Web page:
Monday, December 3, 2007

Acts, Chapter 15

By the time we get to chapter 15 of acts we have come a long way in one book alone. Remember how well everyone in the church got along in the first few chapters of Acts just after the Holy Spirit was given to them? Well, the church to this point had ballooned so much that disagreements about doctrine were beginning to come out of the woodwork. Chapter 15 is one full of discord and we see that many of the elders were starting to spend time putting out fires and settling egos, yet the gospel still moved forward.

The first major disagreement came over circumcision. If you study the Old Testament any circumcision was a big deal. It goes all the way back to the book of Genesis as a tradition for the Jewish people. In Genesis 17:11 God sets circumcision up as a sign of the covenant between Abraham and Himself. The covenant was that Abraham would be the father of many nations, and every male in his household was asked to be circumcised as a part of the covenant. Not only that, it was to be handed down through the generations as a sign of this agreement. If you weren't circumcised, you weren't part of this covenant.

As we know though, Jesus had a tendency to break old traditions down so He could set up new ones. Though the covenant of circumcision was about more than a flap of skin, Jesus established that He was the new covenant with the sons of Abraham. Just as he broke down the barriers of the old law to include the Gentiles, He breaks down the barriers here for the sake of spreading His gospel. Paul got this because he was already doing the work of Christ by spreading the Word to the Gentiles. Some Jewish believers did not agree, however.

1Some men came down from Judea to Antioch and were teaching the brothers: "Unless you are circumcised, according to the custom taught by Moses, you cannot be saved." 2This brought Paul and Barnabas into sharp dispute and debate with them. So Paul and Barnabas were appointed, along with some other believers, to go up to Jerusalem to see the apostles and elders about this question. 3The church sent them on their way, and as they traveled through Phoenicia and Samaria, they told how the Gentiles had been converted. This news made all the brothers very glad. 4When they came to Jerusalem, they were welcomed by the church and the apostles and elders, to whom they reported everything God had done through them. 5Then some of the believers who belonged to the party of the Pharisees stood up and said, "The Gentiles must be circumcised and required to obey the law of Moses." – Acts 15:1-5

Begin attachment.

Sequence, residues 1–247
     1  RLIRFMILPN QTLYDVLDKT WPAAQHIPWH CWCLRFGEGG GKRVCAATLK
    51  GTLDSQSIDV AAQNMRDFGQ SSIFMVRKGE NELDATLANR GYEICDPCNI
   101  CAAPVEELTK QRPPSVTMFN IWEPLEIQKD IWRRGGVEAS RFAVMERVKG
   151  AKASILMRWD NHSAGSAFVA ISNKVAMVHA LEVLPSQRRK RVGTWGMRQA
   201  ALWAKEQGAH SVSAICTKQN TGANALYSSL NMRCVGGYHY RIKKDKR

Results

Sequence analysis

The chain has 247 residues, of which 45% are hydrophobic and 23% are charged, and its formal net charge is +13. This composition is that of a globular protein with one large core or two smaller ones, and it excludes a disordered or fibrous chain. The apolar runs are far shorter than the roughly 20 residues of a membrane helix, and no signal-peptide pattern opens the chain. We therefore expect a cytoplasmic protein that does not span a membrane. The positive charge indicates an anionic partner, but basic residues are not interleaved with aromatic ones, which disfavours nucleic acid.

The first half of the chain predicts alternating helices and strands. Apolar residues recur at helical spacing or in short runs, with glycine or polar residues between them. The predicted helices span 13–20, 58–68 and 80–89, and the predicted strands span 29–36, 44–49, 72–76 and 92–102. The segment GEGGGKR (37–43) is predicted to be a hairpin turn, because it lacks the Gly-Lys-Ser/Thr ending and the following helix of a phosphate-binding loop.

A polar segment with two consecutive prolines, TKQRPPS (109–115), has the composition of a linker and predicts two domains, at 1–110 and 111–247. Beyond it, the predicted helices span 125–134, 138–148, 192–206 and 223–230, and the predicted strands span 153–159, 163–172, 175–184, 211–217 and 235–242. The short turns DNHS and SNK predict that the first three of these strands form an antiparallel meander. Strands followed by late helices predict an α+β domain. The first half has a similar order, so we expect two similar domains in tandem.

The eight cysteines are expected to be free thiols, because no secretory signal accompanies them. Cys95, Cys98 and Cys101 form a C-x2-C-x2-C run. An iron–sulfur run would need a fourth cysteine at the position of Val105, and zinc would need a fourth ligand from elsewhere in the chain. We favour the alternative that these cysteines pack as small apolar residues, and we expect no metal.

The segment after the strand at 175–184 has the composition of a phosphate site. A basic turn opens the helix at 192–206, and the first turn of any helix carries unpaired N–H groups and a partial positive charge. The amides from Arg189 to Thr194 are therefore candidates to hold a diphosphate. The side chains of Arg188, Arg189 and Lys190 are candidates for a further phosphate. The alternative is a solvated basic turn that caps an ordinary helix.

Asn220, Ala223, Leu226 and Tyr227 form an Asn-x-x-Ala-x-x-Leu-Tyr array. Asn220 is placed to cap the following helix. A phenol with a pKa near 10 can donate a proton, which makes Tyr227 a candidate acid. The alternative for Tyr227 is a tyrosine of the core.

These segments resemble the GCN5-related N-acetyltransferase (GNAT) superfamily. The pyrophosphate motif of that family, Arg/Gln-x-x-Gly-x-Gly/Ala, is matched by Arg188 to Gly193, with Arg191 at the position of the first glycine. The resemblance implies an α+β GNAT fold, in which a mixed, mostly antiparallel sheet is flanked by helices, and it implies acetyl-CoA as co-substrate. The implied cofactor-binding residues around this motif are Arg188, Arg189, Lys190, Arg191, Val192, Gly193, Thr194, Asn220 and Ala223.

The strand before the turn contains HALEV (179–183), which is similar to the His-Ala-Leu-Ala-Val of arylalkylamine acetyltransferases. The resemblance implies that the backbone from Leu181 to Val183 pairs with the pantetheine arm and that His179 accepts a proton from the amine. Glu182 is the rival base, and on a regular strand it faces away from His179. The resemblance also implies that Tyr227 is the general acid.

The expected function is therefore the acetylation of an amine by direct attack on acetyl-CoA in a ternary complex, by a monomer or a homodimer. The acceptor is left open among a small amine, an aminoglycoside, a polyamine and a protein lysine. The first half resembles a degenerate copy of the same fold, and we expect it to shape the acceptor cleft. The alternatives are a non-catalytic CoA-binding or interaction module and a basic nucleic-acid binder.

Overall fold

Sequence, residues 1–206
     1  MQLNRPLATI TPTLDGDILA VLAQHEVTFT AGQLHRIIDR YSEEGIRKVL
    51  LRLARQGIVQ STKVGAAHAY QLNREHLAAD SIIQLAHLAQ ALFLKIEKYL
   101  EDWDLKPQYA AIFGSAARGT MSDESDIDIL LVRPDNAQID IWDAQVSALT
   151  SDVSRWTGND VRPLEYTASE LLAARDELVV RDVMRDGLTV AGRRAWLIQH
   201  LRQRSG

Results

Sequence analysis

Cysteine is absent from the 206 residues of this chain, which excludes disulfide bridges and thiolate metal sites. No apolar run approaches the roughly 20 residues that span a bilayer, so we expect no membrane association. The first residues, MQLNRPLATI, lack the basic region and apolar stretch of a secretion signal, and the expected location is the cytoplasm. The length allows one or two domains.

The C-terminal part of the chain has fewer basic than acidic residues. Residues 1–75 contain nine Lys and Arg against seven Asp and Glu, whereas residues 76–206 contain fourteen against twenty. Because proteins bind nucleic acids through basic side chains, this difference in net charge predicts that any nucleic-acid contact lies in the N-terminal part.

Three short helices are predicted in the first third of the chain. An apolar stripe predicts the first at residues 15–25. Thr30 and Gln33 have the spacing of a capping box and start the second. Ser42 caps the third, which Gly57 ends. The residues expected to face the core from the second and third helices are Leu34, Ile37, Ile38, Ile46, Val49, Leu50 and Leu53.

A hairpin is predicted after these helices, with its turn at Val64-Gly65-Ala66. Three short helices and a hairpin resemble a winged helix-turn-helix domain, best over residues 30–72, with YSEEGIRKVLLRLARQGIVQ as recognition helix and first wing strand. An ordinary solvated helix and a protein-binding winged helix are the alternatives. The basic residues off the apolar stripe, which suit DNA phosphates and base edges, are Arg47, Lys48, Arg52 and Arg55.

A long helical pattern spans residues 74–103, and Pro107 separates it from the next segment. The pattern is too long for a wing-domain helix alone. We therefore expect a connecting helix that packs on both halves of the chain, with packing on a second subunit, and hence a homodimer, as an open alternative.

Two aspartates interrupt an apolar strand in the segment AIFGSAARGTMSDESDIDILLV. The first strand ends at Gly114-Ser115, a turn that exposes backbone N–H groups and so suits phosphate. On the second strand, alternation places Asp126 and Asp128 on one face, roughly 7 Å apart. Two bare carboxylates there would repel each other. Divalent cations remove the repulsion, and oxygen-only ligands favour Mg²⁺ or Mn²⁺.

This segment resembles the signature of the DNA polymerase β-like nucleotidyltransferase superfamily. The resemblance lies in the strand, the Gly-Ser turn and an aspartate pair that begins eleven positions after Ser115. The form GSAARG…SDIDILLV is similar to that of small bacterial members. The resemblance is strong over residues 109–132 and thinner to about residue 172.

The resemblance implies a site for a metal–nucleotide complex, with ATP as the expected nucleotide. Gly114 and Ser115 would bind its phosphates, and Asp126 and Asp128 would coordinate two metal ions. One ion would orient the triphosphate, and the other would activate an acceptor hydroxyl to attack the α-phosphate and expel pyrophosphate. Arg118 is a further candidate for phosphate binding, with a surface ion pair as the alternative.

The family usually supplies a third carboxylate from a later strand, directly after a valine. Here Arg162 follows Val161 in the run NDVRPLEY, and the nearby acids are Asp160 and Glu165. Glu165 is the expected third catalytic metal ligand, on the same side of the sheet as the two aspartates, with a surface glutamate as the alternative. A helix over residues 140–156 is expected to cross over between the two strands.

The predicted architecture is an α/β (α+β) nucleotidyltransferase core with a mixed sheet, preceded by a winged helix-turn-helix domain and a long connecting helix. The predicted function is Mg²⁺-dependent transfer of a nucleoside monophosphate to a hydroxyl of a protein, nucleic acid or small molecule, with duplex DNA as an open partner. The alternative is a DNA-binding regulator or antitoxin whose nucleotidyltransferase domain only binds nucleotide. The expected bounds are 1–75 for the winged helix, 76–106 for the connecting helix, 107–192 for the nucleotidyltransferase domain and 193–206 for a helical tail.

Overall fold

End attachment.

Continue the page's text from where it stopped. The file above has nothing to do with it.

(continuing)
Notice some of the errors here in the first part of this passage. It is clearly stated that it was men, not God, that said you could not be saved without being circumcised. Paul was naturally a little skeptical about this, as he knew that belief was a matter of the heart and not about a physical act. We see that he takes this question back to Jerusalem where a great debate raged. The debate is understandable, especially when Genesis 17 says that those who are not circumcised are cut off from the covenant of Abraham. This is where Peter becomes the voice of reason.


8God, who knows the heart, showed that he accepted them by giving the Holy Spirit to them, just as he did to us. 9He made no distinction between us and them, for he purified their hearts by faith. 10Now then, why do you try to test God by putting on the necks of the disciples a yoke that neither we nor our fathers have been able to bear? 11No! We believe it is through the grace of our Lord Jesus that we are saved, just as they are." – Acts 15:8-11


This shows the power of God and how the message and the heart is more important than even the most sacred of Jewish traditions handed down through the centuries. Peter is saying that it doesn't matter if you are circumcised or uncircumcised because of what is on your heart. No one was able to save themselves before Christ regardless of circumcision because salvation is found in Christ. We cannot bear that yoke on our own. The uncircumcised Gentiles believed this as well, and therefore they were saved. The message is that salvation is in Christ alone, not some physical work.




  1. Does the covenant of circumcision still have meaning today?
  2. How well did the church handle this first test of its doctrine?
  3. Why would something as mundane as this cause such a stir?

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